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Australia – Moderating The Moderators: User-Generated Content Published On Newspaper’s Website Breaches Racial Vilification Laws.

29 October, 2012

 

Legal News & Analysis – Asia Pacific – Australia – TMT

 

Clarke v Nationwide News Pty Ltd trading as The Sunday Times [2012] FCA 307

 

In brief

 

  • On 27 March 2012, the Federal Court of Australia declared that Nationwide News Pty Limited had contravened section 18C of the Racial Discrimination Act 1975 (Cth) (the”RDA”) by publishing four readers’ comments underneath two online articles. The Court held that the comments were reasonably likely to offend a reasonable member of the local adult Aboriginal community.
  • Justice Barker ordered that Nationwide News Pty Limited take down the contravening comments from its website and pay $12,000 in damages to Natalie Clarke (the applicant in the proceedings) by way of compensation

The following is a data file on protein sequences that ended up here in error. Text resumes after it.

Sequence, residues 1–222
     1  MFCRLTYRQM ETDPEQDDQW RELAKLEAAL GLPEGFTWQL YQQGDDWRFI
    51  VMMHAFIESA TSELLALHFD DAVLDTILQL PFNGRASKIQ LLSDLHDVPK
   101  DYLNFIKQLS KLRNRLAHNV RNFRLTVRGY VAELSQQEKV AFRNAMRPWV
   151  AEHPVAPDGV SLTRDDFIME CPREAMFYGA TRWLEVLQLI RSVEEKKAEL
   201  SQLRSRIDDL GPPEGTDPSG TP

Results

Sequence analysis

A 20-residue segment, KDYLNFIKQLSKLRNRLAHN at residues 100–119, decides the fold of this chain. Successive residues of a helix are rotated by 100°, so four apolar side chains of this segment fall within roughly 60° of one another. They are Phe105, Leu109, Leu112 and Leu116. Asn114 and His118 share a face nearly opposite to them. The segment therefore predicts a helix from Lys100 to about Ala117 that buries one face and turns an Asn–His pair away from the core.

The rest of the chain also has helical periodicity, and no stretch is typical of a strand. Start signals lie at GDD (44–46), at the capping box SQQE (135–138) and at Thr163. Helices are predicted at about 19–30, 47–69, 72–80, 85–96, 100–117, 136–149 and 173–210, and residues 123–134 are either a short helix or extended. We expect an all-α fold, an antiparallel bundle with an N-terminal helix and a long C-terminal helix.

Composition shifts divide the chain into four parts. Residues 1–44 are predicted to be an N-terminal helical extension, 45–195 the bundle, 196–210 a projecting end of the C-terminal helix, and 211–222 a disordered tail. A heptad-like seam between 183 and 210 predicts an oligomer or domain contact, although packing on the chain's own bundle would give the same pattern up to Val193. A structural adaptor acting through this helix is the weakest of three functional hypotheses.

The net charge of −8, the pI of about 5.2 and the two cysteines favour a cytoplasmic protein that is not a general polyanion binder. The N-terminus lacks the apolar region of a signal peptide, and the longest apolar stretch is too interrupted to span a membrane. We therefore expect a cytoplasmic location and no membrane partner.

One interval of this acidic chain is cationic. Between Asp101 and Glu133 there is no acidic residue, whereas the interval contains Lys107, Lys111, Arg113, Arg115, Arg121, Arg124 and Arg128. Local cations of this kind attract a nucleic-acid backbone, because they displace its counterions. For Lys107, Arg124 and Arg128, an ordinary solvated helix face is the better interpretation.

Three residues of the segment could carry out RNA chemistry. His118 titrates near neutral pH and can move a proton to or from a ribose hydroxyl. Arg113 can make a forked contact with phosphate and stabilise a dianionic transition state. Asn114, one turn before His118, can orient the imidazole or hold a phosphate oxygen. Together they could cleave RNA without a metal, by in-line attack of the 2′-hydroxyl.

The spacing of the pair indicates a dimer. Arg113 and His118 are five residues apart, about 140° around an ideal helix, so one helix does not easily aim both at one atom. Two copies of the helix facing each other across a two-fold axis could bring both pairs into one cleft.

Background

 

On 27 June 2008, five indigenous Australian boys were involved in a motor vehicle accident in a stolen motor vehicle in Western Australia. Natalie Clarke was the mother of three of the four boys who were killed in the accident (the fifth survived). On 29 June 2008, Nationwide News Pty Ltd (“News”) published a front page article in The Sunday Times (a newspaper which circulates within Western Australia) reporting on the accident.

 

Seven further articles that related to the accident were published by News on its website www.perthnow.com.au. Readers were invited to submit their comments on the articles to News for publication. The comments were then published underneath the articles. Prior to publication, the comments were moderated by experienced journalists, the majority of whom had between 10 and 20 years experience. The comments were moderated by either approving, declining or editing the content so as to avoid the publication of comments which, in the moderator’s opinion, expressed views which were unrelated to the issues raised in the article, contained abusive language, were defamatory, or not honestly held or made in good faith.